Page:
At the first assembly of the year, I shared a St. Clement’s School Diversity Statement with our students and staff that highlights the importance of leveraging differences in order to enhance growth. The passage states:
St. Clement’s School believes in the importance of diversity. Our community values intellectual curiosity, courage and compassion and believes that our differences are our strengths. Being open to each other’s perspectives and experiences fosters individual and organizational growth and innovation.
The importance of fostering individual and organizational growth and innovation cannot be overestimated and while many know this, the manner in which we work to be open to others’ perspectives can be challenging. We have worked on this as a staff over the past year; however, I was recently reminded of the intricacies one can encounter and just how important open conversation that is free from judgement is.
Dr. Mizener, one of our Social Sciences faculty members, recommended a book for me last year entitled Dialogue and the Art of Thinking Together by William Isaacs, which I started on Friday. I was so thankful that I did.
The author’s premise is that dialogue, rather than discussion, allows for deeper learning and ‘engages the heart.’ While Isaacs does not condemn discussion, acknowledging that it is a ‘powerful mode of exchange,’ he does indicate that it can force one into ‘either/or’ thinking. His beliefs about dialogue and its ability to engage the heart are powerful. Isaacs says that “to listen respectfully to others, to cultivate and speak your own voice, to suspend your opinions about others- these bring out the intelligence that lives at the very center of ourselves- the intelligence that exists when we are alert to possibilities around us and thinking freshly. Through dialogue, we learn how to engage our hearts. Dialogue requires that we take responsibility for thinking, not merely reacting, lifting us into a more conscious state.”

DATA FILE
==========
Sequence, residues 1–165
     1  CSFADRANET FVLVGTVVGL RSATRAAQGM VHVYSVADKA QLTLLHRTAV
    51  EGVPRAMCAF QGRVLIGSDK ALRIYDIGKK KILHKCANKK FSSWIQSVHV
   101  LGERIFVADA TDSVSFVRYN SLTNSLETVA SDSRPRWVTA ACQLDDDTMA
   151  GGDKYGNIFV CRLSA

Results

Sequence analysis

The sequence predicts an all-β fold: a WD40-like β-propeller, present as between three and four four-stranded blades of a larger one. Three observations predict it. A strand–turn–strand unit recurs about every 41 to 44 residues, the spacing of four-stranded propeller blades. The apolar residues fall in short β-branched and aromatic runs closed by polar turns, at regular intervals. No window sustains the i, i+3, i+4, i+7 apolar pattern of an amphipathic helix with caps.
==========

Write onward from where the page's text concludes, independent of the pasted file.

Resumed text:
In order to ensure that St. Clement’s School, its staff, students and broader community are continually growing and learning, we must remind ourselves that dialogue, rather than discussion, will foster far deeper interactions that will assist in achieving our desired goals.